“What I’ve been going toward is this idea that pink is the inverse of black, or kind of the flip side—it’s part of it. Black people in this country have so much deep sensitivity. We know this: People who have been harmed, people who have experienced trauma are very sensitive. And various kinds of reactivity or frustration or capacities for beauty and creativity are functions of sensitivity.

The expectation that we be calm and erudite and quote-unquote civilized—those expectations are about other people’s fears. If you actually grappled with how awful it is to have treated people like property for so long, you’d have to deal with all of this anger and pain and sadness and frustration and confusion. And so instead, you try to tamp it down—from everybody, and in particular from Black folks.

Pink is an expression of that sensitivity, the power of that, and how scary it is. These guts are just always showing, just out and exposed to the world. How painful that is, that level of being exposed and sensitive. And how powerful it can be—to consistently be like a lightning rod.”

These comments came from a Black artist explaining her choice of color in an art installation. I read it in a cursory way until I got to this segment toward the end and reread it, thinking of my wife. The day I read it she was going into surgery to get a knee replaced. Whenever she has medical treatments, procedures, or, most importantly, diagnoses, prognoses and medications, I urge her to remind doctors that she picked cotton as a child in fields sprayed with DDT and never saw a doctor until she was an adult. Most prominently, the trip from Texas to Arizona as well as the work in the fields, so traumatized her she tears up just describing it. It was 72 years ago.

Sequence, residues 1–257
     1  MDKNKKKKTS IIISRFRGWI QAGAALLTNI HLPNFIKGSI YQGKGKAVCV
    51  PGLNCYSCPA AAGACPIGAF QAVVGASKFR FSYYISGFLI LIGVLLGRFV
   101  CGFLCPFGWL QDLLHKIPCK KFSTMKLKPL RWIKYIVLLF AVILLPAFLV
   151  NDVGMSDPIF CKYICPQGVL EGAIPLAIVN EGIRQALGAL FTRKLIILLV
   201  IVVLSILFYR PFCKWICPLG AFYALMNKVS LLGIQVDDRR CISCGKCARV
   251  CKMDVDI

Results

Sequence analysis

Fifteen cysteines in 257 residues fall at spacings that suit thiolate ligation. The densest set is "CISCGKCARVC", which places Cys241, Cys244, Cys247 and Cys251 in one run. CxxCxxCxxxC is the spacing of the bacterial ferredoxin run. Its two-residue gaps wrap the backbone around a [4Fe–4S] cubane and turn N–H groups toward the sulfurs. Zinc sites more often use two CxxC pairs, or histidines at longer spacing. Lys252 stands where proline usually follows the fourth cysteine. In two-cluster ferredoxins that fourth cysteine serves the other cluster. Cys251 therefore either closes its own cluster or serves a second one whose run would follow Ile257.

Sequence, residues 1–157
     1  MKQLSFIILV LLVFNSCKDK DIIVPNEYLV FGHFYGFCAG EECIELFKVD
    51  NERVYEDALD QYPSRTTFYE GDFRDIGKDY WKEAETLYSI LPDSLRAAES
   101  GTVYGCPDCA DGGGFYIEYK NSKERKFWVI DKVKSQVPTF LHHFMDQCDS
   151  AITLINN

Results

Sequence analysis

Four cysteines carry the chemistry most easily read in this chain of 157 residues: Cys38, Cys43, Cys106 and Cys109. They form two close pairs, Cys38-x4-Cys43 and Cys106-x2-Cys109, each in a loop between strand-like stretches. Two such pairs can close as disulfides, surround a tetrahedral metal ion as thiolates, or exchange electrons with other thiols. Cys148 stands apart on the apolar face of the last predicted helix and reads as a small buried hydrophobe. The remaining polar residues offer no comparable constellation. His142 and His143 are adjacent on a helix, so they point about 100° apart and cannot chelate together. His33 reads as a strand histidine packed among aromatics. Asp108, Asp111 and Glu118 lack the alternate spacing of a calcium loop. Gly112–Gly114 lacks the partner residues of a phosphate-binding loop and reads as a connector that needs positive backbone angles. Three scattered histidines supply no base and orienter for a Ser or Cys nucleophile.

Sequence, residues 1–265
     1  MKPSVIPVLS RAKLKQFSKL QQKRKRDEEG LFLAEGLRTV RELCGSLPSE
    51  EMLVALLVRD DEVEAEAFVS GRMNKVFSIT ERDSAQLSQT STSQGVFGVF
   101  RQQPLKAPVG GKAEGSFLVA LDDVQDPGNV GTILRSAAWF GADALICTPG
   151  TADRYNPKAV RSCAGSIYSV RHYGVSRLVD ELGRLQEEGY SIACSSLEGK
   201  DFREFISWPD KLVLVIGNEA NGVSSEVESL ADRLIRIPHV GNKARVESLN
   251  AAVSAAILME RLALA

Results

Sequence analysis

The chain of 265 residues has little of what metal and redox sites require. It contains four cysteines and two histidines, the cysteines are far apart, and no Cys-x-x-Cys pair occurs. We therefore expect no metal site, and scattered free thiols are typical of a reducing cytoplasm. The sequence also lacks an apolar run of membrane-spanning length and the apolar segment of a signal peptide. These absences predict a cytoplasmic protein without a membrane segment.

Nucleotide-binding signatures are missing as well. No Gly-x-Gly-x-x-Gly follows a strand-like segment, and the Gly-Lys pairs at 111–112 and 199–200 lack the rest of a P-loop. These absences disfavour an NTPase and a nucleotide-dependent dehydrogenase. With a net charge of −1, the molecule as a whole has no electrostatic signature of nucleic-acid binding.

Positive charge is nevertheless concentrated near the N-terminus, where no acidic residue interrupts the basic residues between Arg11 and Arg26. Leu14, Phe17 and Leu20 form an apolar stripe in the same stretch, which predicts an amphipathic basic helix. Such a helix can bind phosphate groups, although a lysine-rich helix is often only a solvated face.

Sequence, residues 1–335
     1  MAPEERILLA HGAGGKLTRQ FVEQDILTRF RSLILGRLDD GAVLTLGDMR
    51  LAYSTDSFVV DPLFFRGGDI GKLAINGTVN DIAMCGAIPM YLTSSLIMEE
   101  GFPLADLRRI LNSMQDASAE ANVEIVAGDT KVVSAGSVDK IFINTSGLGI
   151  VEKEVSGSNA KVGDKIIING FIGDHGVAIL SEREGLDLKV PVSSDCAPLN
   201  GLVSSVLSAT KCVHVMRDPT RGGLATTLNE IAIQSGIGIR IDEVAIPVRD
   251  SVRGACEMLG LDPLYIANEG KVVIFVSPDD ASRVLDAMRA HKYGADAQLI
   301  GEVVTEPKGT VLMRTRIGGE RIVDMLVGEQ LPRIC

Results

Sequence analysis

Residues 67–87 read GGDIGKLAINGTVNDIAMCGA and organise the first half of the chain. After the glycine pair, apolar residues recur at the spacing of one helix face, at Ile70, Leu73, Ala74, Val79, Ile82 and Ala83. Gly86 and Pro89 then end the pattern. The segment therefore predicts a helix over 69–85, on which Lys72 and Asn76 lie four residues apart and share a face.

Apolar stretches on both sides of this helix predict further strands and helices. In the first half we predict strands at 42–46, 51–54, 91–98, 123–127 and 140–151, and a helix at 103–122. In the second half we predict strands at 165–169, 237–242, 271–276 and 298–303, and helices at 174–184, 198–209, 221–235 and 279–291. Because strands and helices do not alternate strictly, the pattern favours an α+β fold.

That is the negative part of this. The positive is her acute observation of settings, scenes and people. We were just talking about this as we watched the mob storming the Capitol. She notices things that escape the notice of most observers. She puts two and two together to see if it adds up to four or to something else. A pertinent example is the way everyone talked about the mob finding offices that people who worked there could not find if they tried; the mob knew just where to go. A very liberal friend said it was just because there were so many people in the building they filled all the spaces. No. They knew just where to go. It was obvious from the videos that there were assault units within the mob and knowledgeable people pointed to their manner of movement that mimicked those of highly trained military. 

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